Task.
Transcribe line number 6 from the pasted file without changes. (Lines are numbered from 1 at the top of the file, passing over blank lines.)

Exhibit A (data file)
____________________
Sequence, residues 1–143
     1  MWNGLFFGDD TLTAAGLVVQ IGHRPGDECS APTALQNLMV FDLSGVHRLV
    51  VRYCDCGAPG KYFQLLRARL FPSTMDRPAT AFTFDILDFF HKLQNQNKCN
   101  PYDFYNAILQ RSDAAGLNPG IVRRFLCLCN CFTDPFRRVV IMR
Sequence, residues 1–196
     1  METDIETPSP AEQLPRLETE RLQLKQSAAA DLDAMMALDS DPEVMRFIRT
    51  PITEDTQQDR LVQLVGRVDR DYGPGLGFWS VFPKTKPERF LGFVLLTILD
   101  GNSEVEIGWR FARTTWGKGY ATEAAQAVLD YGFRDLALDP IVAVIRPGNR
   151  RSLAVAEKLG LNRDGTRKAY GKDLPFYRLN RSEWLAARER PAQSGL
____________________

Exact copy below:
     1  METDIETPSP AEQLPRLETE RLQLKQSAAA DLDAMMALDS DPEVMRFIRT